The e-waste industry, or as others refer to it as the e-scrap or electronics recycling, appears to be sliding into the danger zone and many industry experts agree…it’s a perfect storm and it is causing recycling costs to skyrocket!
In other words, the good-old days of getting paid for scrap computers are essentially gone.
For businesses and consumers there is real cause for concern. One owner of an R2 Certified e-waste recycler commented recently, “as a recycler, we depend on most of our return to come from the back-end or recyclables and as these values continue to decline we will soon be faced with the dilemma of adding and increasing recycling fees, as well whether we will continue to purchase e-scrap.” Having fewer recycling options could cause further rate increases and result in an increase in illegal dumping or exports.
Contributing to the decline of e-waste and commodity values are a number of issues such as China’s decreased demand for materials, speculation on rising interest rates, instability of fuel prices and an overvalued stock market. The net results are increased volatility, rapidly falling commodity prices and increased costs of recycling.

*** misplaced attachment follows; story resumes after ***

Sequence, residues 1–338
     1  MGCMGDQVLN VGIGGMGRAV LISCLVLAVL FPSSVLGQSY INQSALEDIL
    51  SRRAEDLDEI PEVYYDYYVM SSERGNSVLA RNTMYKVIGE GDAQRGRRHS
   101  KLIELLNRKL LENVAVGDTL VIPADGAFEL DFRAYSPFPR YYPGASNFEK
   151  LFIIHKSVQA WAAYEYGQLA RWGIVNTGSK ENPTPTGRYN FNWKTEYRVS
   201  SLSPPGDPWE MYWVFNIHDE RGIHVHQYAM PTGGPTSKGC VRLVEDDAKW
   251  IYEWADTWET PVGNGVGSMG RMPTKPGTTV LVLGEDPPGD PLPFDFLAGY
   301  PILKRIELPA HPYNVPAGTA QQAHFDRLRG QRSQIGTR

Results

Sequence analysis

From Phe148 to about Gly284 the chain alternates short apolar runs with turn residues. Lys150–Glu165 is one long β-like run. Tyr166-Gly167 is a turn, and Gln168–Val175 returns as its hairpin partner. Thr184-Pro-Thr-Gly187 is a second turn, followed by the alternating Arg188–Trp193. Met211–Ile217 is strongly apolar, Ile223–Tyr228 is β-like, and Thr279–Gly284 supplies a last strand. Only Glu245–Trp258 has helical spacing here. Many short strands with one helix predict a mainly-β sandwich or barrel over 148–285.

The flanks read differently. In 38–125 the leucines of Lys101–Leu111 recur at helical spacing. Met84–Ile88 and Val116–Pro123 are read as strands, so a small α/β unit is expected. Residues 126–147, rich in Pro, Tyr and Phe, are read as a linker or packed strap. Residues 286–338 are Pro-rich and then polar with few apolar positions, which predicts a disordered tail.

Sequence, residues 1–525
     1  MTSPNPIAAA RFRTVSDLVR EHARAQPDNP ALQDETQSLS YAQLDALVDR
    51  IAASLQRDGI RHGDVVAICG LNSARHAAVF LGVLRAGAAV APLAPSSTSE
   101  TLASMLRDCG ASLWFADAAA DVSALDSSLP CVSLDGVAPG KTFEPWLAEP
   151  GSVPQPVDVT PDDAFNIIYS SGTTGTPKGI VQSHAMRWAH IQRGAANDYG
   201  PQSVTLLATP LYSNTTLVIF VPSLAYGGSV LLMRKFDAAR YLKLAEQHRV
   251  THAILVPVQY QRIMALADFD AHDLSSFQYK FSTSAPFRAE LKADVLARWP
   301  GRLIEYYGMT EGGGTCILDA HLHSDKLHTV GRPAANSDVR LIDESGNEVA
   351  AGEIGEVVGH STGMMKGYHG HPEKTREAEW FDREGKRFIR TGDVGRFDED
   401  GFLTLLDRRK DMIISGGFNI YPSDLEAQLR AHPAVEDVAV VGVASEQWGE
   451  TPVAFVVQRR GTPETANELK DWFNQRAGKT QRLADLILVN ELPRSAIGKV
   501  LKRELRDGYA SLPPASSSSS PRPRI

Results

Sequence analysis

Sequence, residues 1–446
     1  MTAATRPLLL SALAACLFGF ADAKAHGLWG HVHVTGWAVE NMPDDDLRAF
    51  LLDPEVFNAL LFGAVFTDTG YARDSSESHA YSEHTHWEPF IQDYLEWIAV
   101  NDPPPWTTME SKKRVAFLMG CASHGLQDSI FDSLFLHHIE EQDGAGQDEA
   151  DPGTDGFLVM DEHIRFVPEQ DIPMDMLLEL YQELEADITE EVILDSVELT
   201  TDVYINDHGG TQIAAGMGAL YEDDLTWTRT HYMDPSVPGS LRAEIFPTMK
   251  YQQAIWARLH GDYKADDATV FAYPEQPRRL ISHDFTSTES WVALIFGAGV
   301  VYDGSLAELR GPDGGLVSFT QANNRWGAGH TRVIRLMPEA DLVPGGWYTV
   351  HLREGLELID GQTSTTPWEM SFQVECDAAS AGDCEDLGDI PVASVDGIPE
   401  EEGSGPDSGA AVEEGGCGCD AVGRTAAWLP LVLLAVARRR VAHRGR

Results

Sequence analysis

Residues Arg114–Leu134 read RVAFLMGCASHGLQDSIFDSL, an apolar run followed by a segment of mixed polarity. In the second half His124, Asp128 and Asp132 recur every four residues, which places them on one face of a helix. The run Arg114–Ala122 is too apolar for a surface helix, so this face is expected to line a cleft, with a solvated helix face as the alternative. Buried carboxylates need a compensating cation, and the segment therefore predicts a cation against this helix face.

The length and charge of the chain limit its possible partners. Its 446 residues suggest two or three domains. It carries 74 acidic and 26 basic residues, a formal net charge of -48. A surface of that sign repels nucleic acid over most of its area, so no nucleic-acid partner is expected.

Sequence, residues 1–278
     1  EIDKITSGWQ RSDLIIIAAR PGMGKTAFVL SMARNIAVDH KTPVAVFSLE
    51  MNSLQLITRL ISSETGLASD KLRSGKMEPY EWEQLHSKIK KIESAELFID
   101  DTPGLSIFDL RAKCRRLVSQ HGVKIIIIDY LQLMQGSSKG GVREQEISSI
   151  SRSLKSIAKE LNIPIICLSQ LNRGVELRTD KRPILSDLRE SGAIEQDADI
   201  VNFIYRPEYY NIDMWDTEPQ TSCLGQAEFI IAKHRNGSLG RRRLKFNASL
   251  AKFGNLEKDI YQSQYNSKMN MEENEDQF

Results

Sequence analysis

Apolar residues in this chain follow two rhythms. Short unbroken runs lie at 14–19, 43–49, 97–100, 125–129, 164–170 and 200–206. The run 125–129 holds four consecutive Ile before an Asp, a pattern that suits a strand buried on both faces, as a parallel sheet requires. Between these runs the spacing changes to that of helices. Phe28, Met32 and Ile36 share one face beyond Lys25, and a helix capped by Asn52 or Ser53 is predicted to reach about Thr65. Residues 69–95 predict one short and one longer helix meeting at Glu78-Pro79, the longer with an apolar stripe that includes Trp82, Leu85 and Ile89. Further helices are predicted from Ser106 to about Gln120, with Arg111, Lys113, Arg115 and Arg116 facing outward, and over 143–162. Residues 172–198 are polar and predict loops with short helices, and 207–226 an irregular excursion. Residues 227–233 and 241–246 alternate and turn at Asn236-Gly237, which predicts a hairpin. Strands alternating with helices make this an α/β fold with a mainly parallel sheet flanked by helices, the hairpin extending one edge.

Digging deeper, much of it stems from plummeting iron (steel) rates. This is significant considering a steel chassis on a computer or server make up around 80% of the weight and generally most of the value in proportion to the weight. In just the past month iron ore values decreased by 12% and it has decreased 45% over the past year*.
Shockingly, recycled cardboard yields a higher value than steel!
Other precious metals like gold are dropping daily as people regain confidence in the stock markets and look for more return in an interest bearing investment. China, again, seems to have a role in this too by manipulating the market. Copper prices play a large factor in e-waste values and it is down almost 30% over the last year. Commodities values, overall, continue to trend negatively.
It seems like the perfect storm is here to stay for a while. Forecasts for the commodity markets are bearish and experts suggest it could be years before rates rebound. So, businesses and consumers should be prepared to weather the storm and get ready to pay more to recycle their e-waste.
*Source: (Iron Ore Sinks Deeper as China-Demand Fears Grow. http://www.wsj.com/articles/iron-ore-sinks-deeper-as-china-demand-fears-grow-1446118382) and (infomine.com the 52-week high of $92 has fallen to a low of $51/ton)